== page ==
Indiana is a no-fault state. This means that the reason for the breakdown of the marriage is not relevant to the court. Instead, the Petition for Dissolution of Marriage (the document filed to initiate a divorce case) will generally state that there has been an irretrievable breakdown of the marriage and it should, therefore, be dissolved. Once the Petition for Dissolution of Marriage has been filed, there is a 60 day “cooling off period” before the divorce can be finalized. Most counties now require that the parties also attend a parenting class if there are children of the marriage.
I understand that divorce can cause permanent changes in one’s life, and I am dedicated to helping my clients through the challenges of divorce with compassion. Schedule a consultation at my office in Indianapolis, Indiana today to get started.
Indiana follows the “one-pot theory.” This means that any assets and debts brought into the marriage, or acquired during the marriage, are all included in the marital estate. Assets include but are not limited to real and personal property, bank accounts, investment, and retirement accounts. In Indianapolis and beyond, the presumption is that the marital estate is divided equally (50/50); however, if one party does not believe this a just and reasonable division of the marital estate, then there are factors that can cause the courts to deviate from this presumption.
I frequently assist clients with handling sizable assets including businesses, real estate, and personal property. I have worked with leading business valuators and property appraisers to determine the value of all assets within a parties’ marital estate. As an experienced divorce attorney, coupled with these financial experts, I can also often identify assets of which one or both of the parties may not be fully aware. In addition to working closely with financial and real estate experts to value property, I am very accustomed to dealing with adverse expert opinions in the courtroom.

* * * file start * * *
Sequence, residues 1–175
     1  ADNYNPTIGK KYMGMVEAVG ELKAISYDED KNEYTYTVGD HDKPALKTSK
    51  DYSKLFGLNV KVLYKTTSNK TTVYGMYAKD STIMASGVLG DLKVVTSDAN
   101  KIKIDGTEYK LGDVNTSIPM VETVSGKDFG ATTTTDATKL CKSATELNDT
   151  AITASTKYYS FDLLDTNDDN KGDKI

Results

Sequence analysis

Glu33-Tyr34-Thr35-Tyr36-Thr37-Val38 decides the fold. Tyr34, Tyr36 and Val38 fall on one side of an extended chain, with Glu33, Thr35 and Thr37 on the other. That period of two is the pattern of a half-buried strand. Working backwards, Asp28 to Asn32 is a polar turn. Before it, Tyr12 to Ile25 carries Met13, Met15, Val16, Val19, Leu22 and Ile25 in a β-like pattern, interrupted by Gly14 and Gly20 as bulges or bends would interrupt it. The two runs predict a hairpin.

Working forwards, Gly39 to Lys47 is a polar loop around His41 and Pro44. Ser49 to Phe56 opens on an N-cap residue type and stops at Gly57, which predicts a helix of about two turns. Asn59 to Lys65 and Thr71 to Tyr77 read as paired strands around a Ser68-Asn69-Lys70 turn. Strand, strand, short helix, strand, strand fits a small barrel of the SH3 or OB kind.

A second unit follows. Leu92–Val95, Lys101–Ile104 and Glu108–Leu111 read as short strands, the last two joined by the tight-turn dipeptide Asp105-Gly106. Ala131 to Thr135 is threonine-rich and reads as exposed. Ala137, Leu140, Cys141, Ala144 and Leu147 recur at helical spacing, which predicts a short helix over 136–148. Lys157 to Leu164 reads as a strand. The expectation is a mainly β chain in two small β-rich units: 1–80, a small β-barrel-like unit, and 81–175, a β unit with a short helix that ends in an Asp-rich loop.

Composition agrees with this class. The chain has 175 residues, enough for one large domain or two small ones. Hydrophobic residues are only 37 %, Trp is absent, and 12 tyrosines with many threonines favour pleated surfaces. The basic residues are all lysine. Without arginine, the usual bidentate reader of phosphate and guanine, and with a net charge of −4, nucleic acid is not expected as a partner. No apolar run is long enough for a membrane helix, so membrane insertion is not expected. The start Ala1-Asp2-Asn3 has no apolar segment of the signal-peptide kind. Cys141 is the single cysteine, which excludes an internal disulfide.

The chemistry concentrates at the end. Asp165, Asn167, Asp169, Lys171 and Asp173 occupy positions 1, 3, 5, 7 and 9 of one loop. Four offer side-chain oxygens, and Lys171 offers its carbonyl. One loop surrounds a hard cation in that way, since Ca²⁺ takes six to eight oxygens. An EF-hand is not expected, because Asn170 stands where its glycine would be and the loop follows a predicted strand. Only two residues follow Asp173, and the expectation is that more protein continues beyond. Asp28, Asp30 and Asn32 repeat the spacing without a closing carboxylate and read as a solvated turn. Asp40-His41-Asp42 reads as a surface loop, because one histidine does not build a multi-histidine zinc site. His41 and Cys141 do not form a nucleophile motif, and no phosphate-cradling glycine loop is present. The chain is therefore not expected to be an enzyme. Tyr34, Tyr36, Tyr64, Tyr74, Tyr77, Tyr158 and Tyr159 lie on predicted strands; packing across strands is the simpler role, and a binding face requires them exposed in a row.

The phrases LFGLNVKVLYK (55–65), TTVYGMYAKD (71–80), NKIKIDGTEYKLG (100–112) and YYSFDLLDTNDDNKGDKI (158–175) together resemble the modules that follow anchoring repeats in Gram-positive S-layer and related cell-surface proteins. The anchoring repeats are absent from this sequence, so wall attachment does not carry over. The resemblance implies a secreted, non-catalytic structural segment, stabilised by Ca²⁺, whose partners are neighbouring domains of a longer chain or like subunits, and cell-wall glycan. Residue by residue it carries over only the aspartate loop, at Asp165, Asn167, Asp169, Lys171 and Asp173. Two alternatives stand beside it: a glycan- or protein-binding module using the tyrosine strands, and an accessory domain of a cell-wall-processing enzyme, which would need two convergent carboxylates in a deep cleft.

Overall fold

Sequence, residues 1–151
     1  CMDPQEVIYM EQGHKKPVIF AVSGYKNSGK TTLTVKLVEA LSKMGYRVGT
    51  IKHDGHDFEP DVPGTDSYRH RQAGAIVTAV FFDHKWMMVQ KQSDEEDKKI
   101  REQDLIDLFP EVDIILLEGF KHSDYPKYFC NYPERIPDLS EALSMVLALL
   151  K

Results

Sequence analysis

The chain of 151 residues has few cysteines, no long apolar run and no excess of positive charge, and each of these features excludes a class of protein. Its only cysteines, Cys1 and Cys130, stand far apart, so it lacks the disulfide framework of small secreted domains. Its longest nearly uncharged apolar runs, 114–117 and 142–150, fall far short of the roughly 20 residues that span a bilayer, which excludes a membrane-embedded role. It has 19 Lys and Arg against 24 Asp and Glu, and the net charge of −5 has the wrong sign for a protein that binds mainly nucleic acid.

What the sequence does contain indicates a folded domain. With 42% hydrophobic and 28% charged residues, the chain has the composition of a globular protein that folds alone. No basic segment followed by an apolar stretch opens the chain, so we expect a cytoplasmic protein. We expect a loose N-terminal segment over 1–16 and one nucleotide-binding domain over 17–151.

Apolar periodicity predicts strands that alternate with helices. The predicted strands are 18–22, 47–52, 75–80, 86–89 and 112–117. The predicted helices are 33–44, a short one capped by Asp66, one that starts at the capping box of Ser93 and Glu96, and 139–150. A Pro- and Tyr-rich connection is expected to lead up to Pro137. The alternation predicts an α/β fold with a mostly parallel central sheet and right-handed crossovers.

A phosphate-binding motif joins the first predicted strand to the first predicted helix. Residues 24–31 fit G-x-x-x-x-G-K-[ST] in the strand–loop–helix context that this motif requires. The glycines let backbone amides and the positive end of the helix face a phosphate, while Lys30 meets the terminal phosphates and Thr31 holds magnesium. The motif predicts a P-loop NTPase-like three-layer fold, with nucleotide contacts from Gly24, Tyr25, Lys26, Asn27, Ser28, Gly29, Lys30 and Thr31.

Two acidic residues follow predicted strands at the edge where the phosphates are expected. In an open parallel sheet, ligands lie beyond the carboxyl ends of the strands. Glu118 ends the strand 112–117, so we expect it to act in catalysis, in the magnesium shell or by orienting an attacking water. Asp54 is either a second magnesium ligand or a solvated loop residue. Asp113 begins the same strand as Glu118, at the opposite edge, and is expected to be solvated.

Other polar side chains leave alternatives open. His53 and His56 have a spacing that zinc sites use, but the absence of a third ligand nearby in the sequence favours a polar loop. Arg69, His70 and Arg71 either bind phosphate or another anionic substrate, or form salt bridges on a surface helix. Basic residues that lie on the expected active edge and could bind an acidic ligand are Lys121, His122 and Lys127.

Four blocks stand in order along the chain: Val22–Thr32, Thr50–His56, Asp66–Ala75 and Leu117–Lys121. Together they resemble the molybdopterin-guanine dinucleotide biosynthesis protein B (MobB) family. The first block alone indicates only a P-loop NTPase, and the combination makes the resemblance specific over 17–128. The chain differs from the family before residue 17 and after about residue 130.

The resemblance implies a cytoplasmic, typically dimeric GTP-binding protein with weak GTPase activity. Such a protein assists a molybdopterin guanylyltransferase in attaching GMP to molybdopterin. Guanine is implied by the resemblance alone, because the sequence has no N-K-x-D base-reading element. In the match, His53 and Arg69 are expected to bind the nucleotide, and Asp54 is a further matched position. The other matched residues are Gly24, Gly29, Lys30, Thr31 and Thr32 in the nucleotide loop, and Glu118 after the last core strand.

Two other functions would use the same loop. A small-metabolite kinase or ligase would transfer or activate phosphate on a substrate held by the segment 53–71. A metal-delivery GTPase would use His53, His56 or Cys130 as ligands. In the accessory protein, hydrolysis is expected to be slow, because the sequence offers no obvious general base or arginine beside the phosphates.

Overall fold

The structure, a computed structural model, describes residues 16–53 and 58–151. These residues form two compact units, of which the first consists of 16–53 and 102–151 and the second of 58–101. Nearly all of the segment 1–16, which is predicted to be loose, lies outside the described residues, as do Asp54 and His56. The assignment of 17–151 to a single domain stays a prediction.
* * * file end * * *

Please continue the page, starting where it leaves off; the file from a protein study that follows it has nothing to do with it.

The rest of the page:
During a divorce, parties will often divide one or both of a spouse’s retirement accounts. Depending on the type of account, these accounts may be divided by a Qualified Domestic Relations Order (QDRO). A QDRO is a legal document, drafted by one of the parties’ attorneys, which the IRS recognizes as a method of allowing a penalty-free transfer of retirement funds to a non-participant spouse pursuant to a divorce. The QDRO process can be lengthy as it generally requires pre-approval by the plan administrator of the account, approval by the court and then final submission.
Indiana is not an alimony state. However, there are three circumstances in which a court can require that one spouse pay maintenance to the other. First, if a spouse is the custodian of a child with a physical or mental incapacity that inhibits that spouse’s ability to work. Second, if the spouse is physically or mentally incapacitated such that he/she cannot work. Third, if the spouse needs rehabilitative maintenance due to a lack of education or training. While the court is limited to these three circumstances, this does not mean that parties cannot agree to alimony or to another form of spousal maintenance, which may be financially advantageous to both parties.